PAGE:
Tumulus (destroyed): OS Grid Reference – TQ 288 726
Archaeology & History
This long lost prehistoric tomb is one of many that has fallen under the destructive hammer of the christian Industrialists in this part of the country. Located somewhere in the parkland grounds of Bedfordhill House (also destroyed), its memory was thankfully preserved by the renowned folklorist and historian Walter Johnson (1903) who wrote of it in his work on prehistoric Surrey, where he told:
“A few years ago a supposed barrow was levelled in Bedford Park, Bedford Hill, Tooting, and no record taken of the results. The mound was enclosed in the Park for several centuries, but when the grounds were laid out for building purposes ten or a dozen years since, it suffered rough usage, and was finally destroyed. It was nearly 100 yards long, and about 20 feet in breadth in its highest part. It ran East and West, and had several trees growing on it before its desecration…. A moat had been made round the mound for about two-thirds of its circuit. This moat was supplied with water by the Ritherdon, a small stream rising in Streatham. The name is preserved in the adjacent Ritherdon Road. The material of the mound was gravel and gravelly loam, which, in the neighbourhood, occurred only in a thin layer, thus forbidding the conclusion that the structure was merely composed of the soil dug out in making the moat. The excavated material would largely be London Clay. As the genuineness of this barrow was, we believe, called in question after its demolition, when the subject was beyond reconsideration, we mention two shreds of collateral evidence. The ground on which the tumulus stood was about the highest in the district. The name Tooting may also have some bearing, for Mr. Clinch thinks that it was a Celtic settlement where was worshipped the deity known as Taith. (Compare also toot-hill, as exemplified in Tot Hill, Headley, Tothill Fields, Westminster, famous for fairs and tournaments, also Tutt Hill, near Thetford.)”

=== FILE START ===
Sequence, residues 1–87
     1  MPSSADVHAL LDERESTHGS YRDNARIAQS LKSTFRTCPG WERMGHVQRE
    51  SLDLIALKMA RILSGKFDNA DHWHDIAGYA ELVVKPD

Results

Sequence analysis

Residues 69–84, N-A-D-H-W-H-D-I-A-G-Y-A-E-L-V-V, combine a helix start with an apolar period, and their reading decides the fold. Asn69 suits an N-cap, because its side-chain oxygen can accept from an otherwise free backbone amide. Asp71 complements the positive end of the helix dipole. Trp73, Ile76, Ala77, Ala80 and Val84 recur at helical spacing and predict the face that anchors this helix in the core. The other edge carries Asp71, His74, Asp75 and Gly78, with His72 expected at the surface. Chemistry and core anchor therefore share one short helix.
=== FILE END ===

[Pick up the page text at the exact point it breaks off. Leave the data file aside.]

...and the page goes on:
The ‘toot’ in Toothill however, is ascribed by Gover, Mawer & Stenton (1934) as being the usual “look-out hill”. Although they do make note of the fact “that there is no hill in Tooting which would make a good look-out place.” But if this was a large barrow of some type, it would explain the etymological oddity. Any further information on this site would be welcome.
- Gover, J.E.B., Mawer, A. & Stenton, F.M., The Place-Names of Surrey, Cambridge Univserity Press 1934.
- Johnson, Walter, Neolithic Man in North-East Surrey, Elliot Stock: London 1903.
- Smith, A.H., English Place-Name Elements – volume 2, Cambridge University Press 1954.
© Paul Bennett, The Northern Antiquarian